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BOOKLET LISTS SAFETY FEATURES OF VARIOUS CARS

SHARE BOOKLET LISTS SAFETY FEATURES OF VARIOUS CARS

Buying a Safer Car (item 501B, free), published by the U.S. Department of Transportation, contains charts that detail safety features of nearly 200 cars, trucks, sport utility vehicles and vans for the 1995 model year. It also lists crash test results and the theft potential of those models.

To receive a copy, send your name and address to Consumer Information Center, Department 501B, Pueblo, CO 81009.The most important safety features in a car are safety belts, driver and passenger air bags and anti-lock braking system, which prevents the wheels from locking up.

The booklet show which of these features are standard, optional or unavailable in each car model, helping you compare models in the same size class.

The booklet also has charts showing the National Highway Traffic Safety Administration's crash-test results. Special dummies are used to see how well front seat passengers would be protected in a frontal collision. Experts measure the force of impact on the dummies' heads, chests and legs in a 35 mph crash test into a fixed barrier. The rating ranges from one to five stars.

The booklet also lists the theft ratings of most 1995 model cars. These ratings are based on stolen vehicle data from the FBI. The ratings will tell you whether the car you have in mind has an above or below average likelihood of being stolen.

Some cars are more expensive than others to insure. But you may be able to get a discount of 5 to 20 percent of the comprehensive portion of your insurance premium for models equipped with an anti-theft device.

When you're choosing a vehicle, keep in mind that heavier cars give more protection than lighter cars with the same safety features.

And when you take a test drive, make sure the head restraints, roof structure and windshield don't interfere with visibility.

LDL, HDL cholesterol

All cholesterol is not created equal. A booklet called A Consumer's Guide to Fats (item 599B, free) explains the difference. To request a copy, send your name and address to Consumer Information Center, Dept. 599B, Pueblo, CO 81009.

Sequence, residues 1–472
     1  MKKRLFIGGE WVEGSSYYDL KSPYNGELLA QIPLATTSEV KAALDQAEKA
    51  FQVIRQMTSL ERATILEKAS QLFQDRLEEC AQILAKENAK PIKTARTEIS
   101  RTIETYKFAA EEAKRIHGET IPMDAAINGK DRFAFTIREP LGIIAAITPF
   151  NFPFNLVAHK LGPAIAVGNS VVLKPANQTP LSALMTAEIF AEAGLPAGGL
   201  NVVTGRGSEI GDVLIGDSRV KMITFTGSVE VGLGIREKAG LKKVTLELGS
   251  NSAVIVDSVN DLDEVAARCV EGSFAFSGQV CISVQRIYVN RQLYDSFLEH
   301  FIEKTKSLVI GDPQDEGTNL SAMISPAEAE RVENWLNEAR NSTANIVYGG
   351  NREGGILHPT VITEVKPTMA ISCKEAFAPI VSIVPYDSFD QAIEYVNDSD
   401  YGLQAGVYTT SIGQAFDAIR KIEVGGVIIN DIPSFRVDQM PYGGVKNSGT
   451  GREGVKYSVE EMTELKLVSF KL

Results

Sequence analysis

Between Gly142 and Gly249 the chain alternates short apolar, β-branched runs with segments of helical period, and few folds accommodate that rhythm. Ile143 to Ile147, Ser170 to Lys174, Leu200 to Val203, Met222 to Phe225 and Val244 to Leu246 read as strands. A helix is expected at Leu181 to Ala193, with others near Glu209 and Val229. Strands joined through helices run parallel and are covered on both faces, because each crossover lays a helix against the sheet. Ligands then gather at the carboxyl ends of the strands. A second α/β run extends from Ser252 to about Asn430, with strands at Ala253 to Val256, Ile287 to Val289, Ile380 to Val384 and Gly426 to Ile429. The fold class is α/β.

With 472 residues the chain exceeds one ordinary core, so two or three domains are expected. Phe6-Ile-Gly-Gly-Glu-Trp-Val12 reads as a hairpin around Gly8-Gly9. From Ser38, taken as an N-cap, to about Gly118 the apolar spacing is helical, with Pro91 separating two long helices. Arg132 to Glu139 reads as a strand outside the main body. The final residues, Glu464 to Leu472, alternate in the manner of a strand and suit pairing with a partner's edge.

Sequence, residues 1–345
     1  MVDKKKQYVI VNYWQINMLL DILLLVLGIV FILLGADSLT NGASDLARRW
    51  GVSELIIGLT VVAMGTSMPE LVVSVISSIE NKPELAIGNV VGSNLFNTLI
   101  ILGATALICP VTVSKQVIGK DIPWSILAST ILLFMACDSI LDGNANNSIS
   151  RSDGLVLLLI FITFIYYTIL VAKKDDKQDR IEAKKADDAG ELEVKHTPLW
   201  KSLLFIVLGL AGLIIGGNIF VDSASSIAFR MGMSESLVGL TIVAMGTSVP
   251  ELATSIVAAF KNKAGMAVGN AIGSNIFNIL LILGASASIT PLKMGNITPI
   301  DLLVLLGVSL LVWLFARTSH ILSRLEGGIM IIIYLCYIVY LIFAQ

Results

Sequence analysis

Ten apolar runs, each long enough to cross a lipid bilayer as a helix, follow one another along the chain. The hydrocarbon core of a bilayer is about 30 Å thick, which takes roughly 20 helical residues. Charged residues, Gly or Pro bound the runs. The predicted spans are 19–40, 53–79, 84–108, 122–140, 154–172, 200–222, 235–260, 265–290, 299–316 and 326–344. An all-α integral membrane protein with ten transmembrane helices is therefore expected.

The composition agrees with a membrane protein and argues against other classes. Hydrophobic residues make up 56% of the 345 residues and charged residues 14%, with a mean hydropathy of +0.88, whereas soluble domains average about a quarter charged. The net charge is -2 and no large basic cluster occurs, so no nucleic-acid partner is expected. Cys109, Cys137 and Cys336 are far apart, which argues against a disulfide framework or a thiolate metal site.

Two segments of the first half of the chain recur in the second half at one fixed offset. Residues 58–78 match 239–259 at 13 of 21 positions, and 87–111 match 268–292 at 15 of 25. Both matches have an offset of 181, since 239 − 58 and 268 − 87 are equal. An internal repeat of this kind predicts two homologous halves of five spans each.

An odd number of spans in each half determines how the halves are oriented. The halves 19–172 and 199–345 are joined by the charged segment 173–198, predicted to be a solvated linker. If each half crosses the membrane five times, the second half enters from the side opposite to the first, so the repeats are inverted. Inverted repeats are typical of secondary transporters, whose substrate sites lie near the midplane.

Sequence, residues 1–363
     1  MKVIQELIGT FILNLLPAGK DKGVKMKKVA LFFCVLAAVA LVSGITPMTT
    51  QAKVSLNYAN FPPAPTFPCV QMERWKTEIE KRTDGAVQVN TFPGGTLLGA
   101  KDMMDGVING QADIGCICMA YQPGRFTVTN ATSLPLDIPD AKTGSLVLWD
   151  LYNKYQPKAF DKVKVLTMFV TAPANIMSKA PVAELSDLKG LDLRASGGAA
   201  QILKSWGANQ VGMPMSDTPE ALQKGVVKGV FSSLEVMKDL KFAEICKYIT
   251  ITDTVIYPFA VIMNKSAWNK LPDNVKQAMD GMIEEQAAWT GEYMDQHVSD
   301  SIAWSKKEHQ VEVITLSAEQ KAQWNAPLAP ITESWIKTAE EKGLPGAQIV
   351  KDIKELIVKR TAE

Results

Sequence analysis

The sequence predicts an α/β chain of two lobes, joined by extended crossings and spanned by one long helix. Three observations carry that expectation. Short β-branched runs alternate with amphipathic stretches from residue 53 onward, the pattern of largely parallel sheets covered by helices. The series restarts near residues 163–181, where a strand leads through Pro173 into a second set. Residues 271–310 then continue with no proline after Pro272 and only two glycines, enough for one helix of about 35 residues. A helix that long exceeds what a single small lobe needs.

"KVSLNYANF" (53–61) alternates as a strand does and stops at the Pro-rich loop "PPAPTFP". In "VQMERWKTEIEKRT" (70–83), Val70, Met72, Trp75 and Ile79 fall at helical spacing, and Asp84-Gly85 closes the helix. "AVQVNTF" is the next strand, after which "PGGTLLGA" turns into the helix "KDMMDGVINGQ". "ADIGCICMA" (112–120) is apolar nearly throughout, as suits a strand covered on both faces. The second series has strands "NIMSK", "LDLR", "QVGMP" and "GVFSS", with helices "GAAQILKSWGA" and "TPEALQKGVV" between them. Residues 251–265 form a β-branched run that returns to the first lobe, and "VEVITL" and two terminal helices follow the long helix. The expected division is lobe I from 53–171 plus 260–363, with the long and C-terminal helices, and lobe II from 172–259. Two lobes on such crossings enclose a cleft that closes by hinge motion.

Cholesterol is carried in your blood by lipoproteins, chemical compounds made of fat and protein. When a liproprotein contains more fat than protein, it's called a low-density lipoprotein (LDL). When it contains more protein than fat, it's called a high-density liproprotein (HDL).

LDL-cholesterol increases the risk of a heart attack because it's more likely to leave fatty buildup in your arteries. But HDL-cholesterol can help your body reduce the overall amount of cholesterol in your blood and can protect against heart disease.

Do you know your current cholesterol level? If not, have it checked. To lower your risk of heart disease, keep your total cholesterol count below 200, your LDL-cholesterol under 130 and your HDL-cholesterol above 35.

A booklet about food preservatives is also available. A Fresh Look at Food Preservatives (item 589B, free) discusses various preservatives, how they're regulated by the Food and Drug Administration and includes important information for people who may be sensitive to sulfite preservatives. For a copy, send your name and address to Consumer Information Center, Dept. 598B, Pueblo, CO 81009.